While I was perfectly satisfied with Nature’s offerings in our new back yard, my mom wasn’t.
“I should have dug up the poppies,” she announced with irritation after returning with the dog from her morning walk. “I went by the old house and it’s a complete mess. It took me 25 years to create that garden and now it’s just going to pot. Those poppies are going to be gorgeous but no one will appreciate them..”
“Well, if you feel that way, why not just go and dig up those poppies? And might as well get more lily-of-the-valley, while you’re at it. I’m sure he doesn’t care.”
She looked thoughtful.
“He did say to us come over at any time and take whatever else you wanted,” I further encouraged. “I doubt he’ll even know anything’s missing.”
And so it was that my mom and her enabler (me!) came about to being thieves of springtime.
We completed our mission yesterday at the old house, taking bins and pots, the shovel and clippers, to hack our way through the brush to find what she wanted. Despite the fact we had been given permission a year ago to do so, we did wait until the big white truck was no longer in the driveway before stealthily, and swiftly, pillaging her former garden.
We left with more grape hyacinths, another clematis vine, lily-of-the-valley clumps and the poppies.
Now all are transplanted and safely positioned in the soil alongside the outside of the back fence.
Hopefully, they will survive the journey and joyfully make this their new home.
As for the mother-daughter burglary team, I think that pretty much takes care of our acts of unlawful behavior. . . Well, at least for this year, anyway. Who knows about Spring of 2023, after her inspection here a year from now of what took and what didn’t? I wonder how long her old house owner’s open invitation to dig up plants will be considered valid?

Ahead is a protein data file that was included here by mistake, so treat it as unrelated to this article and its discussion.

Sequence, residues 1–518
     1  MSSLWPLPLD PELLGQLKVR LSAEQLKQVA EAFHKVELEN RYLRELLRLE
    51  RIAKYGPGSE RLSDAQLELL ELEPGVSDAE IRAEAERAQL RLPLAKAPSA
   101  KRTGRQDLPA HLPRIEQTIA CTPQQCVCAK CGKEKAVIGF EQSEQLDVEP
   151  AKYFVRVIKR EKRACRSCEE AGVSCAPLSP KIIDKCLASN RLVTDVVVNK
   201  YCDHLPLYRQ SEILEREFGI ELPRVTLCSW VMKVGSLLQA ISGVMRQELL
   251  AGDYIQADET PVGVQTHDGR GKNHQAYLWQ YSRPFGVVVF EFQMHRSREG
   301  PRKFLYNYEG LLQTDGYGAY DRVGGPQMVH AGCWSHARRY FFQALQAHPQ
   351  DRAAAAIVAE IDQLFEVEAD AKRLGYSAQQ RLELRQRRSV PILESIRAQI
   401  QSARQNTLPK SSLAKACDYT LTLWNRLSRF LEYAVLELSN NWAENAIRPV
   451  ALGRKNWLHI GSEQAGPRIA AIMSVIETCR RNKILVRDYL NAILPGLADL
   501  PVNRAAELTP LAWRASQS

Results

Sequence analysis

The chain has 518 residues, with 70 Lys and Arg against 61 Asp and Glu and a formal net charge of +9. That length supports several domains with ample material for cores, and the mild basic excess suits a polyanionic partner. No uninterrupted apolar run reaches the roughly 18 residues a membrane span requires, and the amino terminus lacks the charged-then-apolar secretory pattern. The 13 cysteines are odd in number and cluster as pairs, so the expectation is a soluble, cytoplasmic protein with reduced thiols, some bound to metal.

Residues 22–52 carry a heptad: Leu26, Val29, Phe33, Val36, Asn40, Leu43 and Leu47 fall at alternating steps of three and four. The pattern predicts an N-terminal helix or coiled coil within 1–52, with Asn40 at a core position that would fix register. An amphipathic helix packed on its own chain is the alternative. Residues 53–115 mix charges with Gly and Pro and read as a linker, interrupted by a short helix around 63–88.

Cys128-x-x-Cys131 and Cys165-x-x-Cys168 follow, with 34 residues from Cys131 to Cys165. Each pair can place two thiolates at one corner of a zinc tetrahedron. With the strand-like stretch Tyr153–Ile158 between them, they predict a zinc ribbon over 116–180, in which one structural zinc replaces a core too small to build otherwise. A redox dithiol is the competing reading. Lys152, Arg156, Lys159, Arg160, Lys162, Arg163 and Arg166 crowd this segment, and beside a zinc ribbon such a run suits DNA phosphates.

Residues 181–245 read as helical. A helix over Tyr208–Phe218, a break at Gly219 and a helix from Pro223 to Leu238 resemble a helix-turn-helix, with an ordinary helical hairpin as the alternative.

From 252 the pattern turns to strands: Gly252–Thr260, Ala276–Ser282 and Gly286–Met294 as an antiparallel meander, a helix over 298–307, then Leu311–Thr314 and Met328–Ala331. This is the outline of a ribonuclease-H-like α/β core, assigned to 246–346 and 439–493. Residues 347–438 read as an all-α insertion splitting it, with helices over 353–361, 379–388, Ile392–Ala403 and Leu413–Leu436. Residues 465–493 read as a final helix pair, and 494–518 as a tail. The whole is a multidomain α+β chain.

Guess if a future entry details a visit to the county jail, you’ll have your answer.
Enjoy your spring, everyone! We’re certainly enjoying ours
Why does personal distressing news, or even personal luck, seem to come in threes?
This last week, at least for me, seems to have followed in this number 3 pattern. From the last post, I listed 2, not expecting a 3rd. In a shocking email just a few days ago, sad to say, it came. Let me explain:
China Eastern Flight 5735
As a follow-up: My Chinese students and friends kept their messages coming with condolences for the victims and families of China’s Eastern Airline crash. The first black box was found but it was becoming more difficult to find the second due to heavy rains and the heavy vegetation of the Guangxi mountainsides. How well I know those jagged mountainsides because I lived in a rural southern Guangxi Province area for 3 years.
Ground crews expanded their search to within 30 miles of the crash site and finally came upon the second flight box recorder unit on Sunday, March 27, at 9:20 a.m. according to one article I read.